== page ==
on Feb 6, 2016

The hunt continues for the lost treasures of the gods in the snowy mountains of Midgard.

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on Oct 14, 2015
Blurb: The margrave owns the finest hunting grounds for miles around—and 
Odette Menkels spends her nights poaching his deer to feed the hungry orphans of Thornbeck.
By day, Odette is a simple maiden who teaches children to read, but by night this young beauty
has become the secret lifeline to the poorest of the poor.

For Jorgen Hartman, the margrave's forester, tracking down a poacher is a duty he is all too 
willing to perform. Jorgen inherited his post from the man who raised him. . . a man who was
murdered at the hands of a poacher.

When Jorgen and Odette meet at the Midsummer festival and share a connection
during a dance, neither has any idea that they are already adversaries.

The one mas she wants is bound by duty to capture her; the one woman he loves is his 
cunning target. . . What becomes of a forester who protects a notorious poacher?
What becomes of a poacher when she is finally discovered?

Genre: Historical Fiction / Romance

Rating: 5 out of 5 Stars

Review: Before reading this book I had no idea who Melanie Dickerson was. Shortly after finishing this book I knew I had to find her other books ASAP because her writing is incredible! 

The Huntress of Thornbeck Forest is an exciting and enchanting tale from start to finish. A beautiful blend of Robin Hood and Swan Lake full of noble characters, a brilliant setting and true love. 

I must embarrasingly admit that I assumed this book was a fantasy based on the title and cover, when its actually historical fiction set in Germany in the year 1363. I still believe this will appeal to fantasy lovers as it does have a unique otherworldly-ness to it. 

Odette is the type of MC I love to read. She is kind and compassionate, spends her time bringing food to starving children. She's an orphan saved from the streets when her Uncle took her in. She wrestles with guilt about the food she steals and wonders if she is doing the right thing. 

Jorgen is a fantastic male lead. He is also famalier with living on the streets and going hungry. Unlike others around he doesn't long for power but to do good work, provide for his adopted family, and to the honor the memory of his dead mentor.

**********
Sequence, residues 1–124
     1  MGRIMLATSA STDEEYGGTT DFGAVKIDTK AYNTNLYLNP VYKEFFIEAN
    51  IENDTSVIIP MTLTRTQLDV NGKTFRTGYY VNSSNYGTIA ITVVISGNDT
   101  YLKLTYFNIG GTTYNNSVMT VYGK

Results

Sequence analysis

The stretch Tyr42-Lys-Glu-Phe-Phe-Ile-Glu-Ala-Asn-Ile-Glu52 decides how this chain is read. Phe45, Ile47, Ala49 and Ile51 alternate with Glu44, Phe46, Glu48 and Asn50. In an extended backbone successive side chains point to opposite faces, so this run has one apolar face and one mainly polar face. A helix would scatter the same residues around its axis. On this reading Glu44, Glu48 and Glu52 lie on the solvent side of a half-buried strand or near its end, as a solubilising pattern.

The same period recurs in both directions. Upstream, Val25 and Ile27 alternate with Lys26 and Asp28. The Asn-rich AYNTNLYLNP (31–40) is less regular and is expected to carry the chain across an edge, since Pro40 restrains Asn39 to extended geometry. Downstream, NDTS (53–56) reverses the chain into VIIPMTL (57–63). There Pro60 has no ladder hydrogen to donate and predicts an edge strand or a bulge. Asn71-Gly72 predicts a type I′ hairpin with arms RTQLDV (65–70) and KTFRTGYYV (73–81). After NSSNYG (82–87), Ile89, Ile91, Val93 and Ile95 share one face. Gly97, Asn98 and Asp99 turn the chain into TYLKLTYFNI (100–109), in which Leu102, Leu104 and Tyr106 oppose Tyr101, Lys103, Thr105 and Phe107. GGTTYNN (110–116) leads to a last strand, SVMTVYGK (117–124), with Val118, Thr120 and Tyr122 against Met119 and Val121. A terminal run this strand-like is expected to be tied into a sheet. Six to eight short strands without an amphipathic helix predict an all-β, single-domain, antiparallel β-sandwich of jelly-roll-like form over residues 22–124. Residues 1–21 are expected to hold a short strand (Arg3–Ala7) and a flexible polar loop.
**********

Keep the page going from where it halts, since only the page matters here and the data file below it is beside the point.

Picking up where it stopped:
These two together are one the sweetest couples I have ever read. From the moment they meet they have such respect and admiration for each other. Through lies and many dangers Odette and Jorgen make it through by keeping to what they know is right. 

This was a truly magnificent fairy tale! I look forward to reading more of her books!

Interested in this book?

About the Reviewer: M. A. Bronson is a bookworm, book reviewer, and aspiring author. Since 2012, she has been reviewing indie and traditionally published books at runawaypen.com. She enjoys reading, drinking tea, writing, and dreaming of owning a tiny house. M lives in Upstate New York, and works at a library, happily surrounded by thousands of stories. Connect with her on twitter and instagram @theprincessmab :)
on Oct 13, 2015
When nineteen-year-old huntress Feyre kills a wolf in the woods,
 a beast-like creature arrives to demand retribution. Dragged to a treacherous magical land
she knows about only from legends, Feyre discovers that her captor is not an animal but Tamlin—one of the lethal, immortal faeries who once ruled their world.

      As Feyre dwells on his estate, her feelings for Tamlin transform from icy hostility to a fiery passion that burns through every lie and warning she's been told about the beautiful, dangerous world of the Fae. But an ancient, wicked shadow over the faerie lands is growing, and Feyre must find a way to stop it . . . or doom Tamlin—and his world—forever.

Genre: Young Adult / Fantasy / Romance / Fairy-Tale Re-tellings